Going hand in hand with this, there was an emphasis on making Freemasonry more visible through various means to fight contemporary public “ignorance” of its activities - particularly its charities - in the community. There was an emphasis on lodges becoming more involved than they had traditionally been in social and recreational activities for members and families. There was an emphasis on inclusivity (at least for men), as well as meaningful opportunities to explore spirituality in an era of lost faith. Finally, there was a feeling, in all of this, that Freemasonry must be distanced from its “old fashioned” image as an “old man’s” organization, and, if it could be successfully “rebranded,” it might be able to return to its historical place as an organization where men of all ages could find a general means of meeting new friends, traveling and having fun.  Overall, there was a feeling that the craft needed to come up with a comprehensive approach to meet the claimed changes in social circumstances to both attract and keep new members today. Symbolic reconstructions - and uses - of the past played a large part in respondents’ discussions of all of these matters.


But I also mentioned that the symbolically reconstructed past was invoked by respondents in relation to their own lives and situations. Several examples will suffice. First, men spoke of their lives before becoming Masons, and either claimed how life had changed for them, or that Freemasonry was an expression of who they really were:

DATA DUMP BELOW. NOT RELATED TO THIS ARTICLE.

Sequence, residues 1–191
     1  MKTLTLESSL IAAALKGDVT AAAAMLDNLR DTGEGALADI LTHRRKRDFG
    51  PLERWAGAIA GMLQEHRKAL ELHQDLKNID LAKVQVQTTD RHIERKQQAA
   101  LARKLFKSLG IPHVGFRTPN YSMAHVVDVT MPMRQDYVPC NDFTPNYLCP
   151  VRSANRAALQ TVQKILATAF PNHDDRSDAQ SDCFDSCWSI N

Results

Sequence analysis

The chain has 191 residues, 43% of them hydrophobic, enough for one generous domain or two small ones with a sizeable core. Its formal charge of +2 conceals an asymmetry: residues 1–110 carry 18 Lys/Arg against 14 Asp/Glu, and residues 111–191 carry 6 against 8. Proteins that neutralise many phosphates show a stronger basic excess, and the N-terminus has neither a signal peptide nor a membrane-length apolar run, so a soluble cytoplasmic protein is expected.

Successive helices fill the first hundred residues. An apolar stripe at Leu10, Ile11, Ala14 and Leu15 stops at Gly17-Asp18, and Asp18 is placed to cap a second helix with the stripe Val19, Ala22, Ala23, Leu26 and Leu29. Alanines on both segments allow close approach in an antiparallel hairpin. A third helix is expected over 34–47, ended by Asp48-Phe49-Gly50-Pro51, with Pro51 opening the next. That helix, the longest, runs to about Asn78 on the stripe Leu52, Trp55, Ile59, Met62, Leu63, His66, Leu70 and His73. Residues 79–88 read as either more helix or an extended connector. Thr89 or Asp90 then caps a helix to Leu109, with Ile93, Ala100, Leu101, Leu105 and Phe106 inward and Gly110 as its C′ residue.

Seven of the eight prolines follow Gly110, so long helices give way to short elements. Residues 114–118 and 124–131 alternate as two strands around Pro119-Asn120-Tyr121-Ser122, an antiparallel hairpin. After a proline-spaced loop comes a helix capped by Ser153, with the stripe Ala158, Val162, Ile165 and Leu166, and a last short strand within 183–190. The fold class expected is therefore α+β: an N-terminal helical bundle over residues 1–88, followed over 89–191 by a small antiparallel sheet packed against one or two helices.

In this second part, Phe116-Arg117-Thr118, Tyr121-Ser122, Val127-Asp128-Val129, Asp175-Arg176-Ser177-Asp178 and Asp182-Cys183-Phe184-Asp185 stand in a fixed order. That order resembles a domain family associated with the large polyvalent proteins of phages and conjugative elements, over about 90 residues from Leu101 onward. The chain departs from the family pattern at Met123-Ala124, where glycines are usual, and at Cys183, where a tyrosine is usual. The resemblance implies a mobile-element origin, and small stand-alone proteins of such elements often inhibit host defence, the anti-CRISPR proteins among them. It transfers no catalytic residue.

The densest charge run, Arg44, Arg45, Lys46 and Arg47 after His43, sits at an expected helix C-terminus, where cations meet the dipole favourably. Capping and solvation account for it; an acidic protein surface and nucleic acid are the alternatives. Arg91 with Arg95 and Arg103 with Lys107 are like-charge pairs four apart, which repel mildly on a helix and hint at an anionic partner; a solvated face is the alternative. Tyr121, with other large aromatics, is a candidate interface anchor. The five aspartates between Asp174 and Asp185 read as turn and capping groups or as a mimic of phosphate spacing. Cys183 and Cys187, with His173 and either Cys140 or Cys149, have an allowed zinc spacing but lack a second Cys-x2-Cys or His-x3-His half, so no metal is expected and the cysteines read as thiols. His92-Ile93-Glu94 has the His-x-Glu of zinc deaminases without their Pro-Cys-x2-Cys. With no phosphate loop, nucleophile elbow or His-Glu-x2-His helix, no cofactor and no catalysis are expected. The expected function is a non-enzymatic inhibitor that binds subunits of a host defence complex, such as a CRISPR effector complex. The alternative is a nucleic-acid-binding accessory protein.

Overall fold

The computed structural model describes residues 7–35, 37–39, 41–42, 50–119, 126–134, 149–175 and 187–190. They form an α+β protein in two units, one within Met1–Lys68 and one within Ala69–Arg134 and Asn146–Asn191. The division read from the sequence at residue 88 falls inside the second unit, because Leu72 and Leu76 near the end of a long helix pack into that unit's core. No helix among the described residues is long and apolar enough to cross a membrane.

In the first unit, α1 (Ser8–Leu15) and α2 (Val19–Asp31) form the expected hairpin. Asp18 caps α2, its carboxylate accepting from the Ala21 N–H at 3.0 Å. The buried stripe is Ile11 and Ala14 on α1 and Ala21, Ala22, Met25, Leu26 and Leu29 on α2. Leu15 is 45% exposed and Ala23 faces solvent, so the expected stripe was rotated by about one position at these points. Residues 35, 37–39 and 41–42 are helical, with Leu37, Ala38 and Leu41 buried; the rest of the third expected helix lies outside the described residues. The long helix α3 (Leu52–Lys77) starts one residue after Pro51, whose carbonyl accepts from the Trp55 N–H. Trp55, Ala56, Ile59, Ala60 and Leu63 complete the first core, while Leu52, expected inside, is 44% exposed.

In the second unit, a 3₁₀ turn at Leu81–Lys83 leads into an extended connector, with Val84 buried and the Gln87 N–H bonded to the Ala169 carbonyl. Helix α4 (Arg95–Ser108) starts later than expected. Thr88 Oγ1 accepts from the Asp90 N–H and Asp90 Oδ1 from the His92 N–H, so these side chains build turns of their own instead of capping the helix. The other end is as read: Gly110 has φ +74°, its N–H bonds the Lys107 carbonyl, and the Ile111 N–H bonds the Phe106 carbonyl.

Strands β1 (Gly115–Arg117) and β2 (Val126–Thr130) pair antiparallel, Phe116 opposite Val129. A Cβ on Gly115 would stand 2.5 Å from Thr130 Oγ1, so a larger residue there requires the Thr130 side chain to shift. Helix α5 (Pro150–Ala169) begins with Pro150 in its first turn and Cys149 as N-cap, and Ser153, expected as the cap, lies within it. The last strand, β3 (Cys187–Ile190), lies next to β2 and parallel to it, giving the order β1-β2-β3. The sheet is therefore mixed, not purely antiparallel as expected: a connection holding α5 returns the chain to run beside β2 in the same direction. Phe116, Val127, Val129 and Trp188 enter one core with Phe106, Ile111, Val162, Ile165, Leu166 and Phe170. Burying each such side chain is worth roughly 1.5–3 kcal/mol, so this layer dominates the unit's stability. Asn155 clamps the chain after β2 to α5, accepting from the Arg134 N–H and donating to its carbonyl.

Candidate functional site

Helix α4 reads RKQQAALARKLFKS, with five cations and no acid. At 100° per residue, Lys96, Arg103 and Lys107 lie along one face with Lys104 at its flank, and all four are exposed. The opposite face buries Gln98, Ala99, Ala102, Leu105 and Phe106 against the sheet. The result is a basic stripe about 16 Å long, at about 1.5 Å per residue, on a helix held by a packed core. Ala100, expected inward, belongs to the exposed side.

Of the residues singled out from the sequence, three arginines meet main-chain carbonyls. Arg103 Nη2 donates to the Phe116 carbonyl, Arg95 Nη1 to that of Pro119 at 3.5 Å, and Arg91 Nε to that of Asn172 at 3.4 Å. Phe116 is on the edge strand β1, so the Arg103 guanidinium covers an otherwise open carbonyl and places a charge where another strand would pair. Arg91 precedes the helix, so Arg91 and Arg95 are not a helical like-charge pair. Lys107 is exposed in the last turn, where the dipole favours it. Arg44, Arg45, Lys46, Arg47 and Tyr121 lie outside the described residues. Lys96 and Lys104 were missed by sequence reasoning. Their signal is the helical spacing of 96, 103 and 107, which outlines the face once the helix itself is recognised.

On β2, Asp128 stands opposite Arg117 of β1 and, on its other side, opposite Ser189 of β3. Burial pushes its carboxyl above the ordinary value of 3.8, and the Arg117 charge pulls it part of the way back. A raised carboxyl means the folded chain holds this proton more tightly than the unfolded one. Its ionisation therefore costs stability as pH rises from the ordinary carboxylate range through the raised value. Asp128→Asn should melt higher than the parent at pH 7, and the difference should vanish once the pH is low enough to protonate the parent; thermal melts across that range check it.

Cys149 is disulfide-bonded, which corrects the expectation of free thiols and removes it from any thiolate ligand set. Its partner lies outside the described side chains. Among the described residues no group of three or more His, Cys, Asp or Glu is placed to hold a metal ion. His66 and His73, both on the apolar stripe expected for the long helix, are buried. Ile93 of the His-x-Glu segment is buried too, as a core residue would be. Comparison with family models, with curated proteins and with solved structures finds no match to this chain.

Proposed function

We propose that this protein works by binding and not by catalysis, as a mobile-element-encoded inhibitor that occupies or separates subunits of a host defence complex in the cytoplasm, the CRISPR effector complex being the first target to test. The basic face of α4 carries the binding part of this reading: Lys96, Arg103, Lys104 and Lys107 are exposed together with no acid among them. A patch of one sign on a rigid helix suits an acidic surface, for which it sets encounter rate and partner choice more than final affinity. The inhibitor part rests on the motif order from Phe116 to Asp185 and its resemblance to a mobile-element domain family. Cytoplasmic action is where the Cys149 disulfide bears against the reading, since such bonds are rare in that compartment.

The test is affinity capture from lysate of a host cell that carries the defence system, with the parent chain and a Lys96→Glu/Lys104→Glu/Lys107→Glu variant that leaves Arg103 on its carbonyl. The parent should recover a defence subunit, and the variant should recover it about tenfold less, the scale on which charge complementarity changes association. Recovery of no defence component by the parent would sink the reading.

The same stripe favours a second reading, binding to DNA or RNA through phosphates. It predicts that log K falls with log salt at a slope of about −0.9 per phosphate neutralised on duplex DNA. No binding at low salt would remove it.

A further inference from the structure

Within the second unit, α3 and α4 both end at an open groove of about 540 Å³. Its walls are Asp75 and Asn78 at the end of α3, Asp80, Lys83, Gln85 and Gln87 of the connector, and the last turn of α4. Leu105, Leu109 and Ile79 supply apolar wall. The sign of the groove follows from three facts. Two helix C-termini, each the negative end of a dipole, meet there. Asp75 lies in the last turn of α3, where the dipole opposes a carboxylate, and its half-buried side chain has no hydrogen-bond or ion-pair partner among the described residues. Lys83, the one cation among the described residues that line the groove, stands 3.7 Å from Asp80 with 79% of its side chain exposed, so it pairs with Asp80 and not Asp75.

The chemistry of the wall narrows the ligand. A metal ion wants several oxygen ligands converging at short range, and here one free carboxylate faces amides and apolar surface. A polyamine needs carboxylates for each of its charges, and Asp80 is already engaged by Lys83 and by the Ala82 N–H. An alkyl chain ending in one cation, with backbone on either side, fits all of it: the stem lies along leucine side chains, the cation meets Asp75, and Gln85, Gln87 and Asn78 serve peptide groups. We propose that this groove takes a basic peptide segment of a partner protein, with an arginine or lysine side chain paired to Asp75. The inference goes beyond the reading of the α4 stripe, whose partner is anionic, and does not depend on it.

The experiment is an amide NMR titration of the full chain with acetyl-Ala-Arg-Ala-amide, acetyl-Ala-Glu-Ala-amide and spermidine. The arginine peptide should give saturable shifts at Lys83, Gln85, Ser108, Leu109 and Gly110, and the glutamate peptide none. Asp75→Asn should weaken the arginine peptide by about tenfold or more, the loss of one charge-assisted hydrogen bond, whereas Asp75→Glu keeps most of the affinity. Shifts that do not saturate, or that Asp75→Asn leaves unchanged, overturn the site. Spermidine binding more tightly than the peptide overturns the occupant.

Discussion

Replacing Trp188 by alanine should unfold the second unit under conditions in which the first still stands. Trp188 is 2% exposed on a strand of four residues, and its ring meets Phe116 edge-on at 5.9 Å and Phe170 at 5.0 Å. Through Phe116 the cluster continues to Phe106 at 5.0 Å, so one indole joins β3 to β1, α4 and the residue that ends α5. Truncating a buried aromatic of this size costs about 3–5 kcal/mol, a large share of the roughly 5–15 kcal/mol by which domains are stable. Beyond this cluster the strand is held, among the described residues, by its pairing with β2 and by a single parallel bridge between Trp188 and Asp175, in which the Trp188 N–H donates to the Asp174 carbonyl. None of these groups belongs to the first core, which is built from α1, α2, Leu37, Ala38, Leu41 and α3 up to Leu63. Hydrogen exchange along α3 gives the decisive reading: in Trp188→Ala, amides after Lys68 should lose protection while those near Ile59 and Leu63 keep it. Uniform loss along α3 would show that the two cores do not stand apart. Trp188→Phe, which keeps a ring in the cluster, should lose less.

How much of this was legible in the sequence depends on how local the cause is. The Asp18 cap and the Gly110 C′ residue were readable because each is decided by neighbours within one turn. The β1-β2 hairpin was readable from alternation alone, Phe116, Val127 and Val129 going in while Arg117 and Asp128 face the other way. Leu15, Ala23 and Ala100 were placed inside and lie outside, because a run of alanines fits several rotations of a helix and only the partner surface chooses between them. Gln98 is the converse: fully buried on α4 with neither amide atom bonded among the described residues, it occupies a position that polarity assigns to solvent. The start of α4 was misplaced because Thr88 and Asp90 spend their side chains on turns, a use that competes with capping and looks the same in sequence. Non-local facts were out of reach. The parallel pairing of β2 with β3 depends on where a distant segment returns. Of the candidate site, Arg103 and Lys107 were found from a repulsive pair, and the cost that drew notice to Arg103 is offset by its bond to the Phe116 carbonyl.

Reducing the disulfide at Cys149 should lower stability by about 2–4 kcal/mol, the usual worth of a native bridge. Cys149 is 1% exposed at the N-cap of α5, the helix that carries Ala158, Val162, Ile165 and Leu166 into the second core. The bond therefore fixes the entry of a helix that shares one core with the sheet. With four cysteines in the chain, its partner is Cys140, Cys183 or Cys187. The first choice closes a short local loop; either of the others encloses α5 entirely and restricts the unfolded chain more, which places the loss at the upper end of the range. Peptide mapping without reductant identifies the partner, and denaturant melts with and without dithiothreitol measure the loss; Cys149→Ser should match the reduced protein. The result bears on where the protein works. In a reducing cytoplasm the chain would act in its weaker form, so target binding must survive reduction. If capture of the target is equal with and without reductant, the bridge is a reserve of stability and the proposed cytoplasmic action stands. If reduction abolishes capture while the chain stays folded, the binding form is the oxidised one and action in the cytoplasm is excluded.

I can’t remember what my life was like before I was a Freemason.  I don’t know how I existed without it.  It grabbed me right from the word go.  I loved it right from the word go.  My life was very empty before I was a Freemason.

Well... being a Mason doesn’t change my life at all.  In fact, I think it’s because of who I was to begin with that I was attracted to Masonry


Next, many Masons talked of the impact of Masonry on their morals and community activities:


In retrospect, I’ve become a much more tolerant person, and I’m much more community involved.


Thirdly in this regard, Masons speak of the many friends that they met through the craft that they would not have met otherwise - the implication being that their lives would have been different - perhaps emptier - without the bonds formed through becoming a Mason:


I don’t meet people very well, but this forces you.  If you go out you have to meet people and it’s as simple as that - and you’ve already benefited